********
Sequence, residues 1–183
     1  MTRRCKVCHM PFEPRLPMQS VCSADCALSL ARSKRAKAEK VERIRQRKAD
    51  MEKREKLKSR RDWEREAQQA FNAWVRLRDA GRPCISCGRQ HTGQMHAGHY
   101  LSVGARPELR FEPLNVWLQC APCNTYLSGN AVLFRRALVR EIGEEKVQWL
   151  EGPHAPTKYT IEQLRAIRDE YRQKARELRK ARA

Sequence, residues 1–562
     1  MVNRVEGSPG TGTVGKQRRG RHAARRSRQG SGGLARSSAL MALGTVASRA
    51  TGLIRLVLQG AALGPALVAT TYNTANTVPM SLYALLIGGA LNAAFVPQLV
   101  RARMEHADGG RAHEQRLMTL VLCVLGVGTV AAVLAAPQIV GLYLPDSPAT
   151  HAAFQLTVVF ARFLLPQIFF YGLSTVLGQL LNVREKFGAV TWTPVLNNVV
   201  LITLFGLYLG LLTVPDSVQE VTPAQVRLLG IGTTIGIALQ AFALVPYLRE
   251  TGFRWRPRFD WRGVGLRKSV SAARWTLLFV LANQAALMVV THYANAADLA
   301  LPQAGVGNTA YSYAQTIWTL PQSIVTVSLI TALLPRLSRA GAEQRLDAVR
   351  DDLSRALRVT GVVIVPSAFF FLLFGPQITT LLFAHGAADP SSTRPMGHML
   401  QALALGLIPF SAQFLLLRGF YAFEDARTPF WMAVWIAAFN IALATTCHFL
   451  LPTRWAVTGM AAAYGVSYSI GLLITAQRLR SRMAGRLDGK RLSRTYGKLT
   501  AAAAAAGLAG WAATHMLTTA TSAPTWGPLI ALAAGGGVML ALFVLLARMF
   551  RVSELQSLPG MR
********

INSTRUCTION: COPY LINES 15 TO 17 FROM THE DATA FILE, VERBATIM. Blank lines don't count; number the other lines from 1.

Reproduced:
   401  QALALGLIPF SAQFLLLRGF YAFEDARTPF WMAVWIAAFN IALATTCHFL
   451  LPTRWAVTGM AAAYGVSYSI GLLITAQRLR SRMAGRLDGK RLSRTYGKLT
   501  AAAAAAGLAG WAATHMLTTA TSAPTWGPLI ALAAGGGVML ALFVLLARMF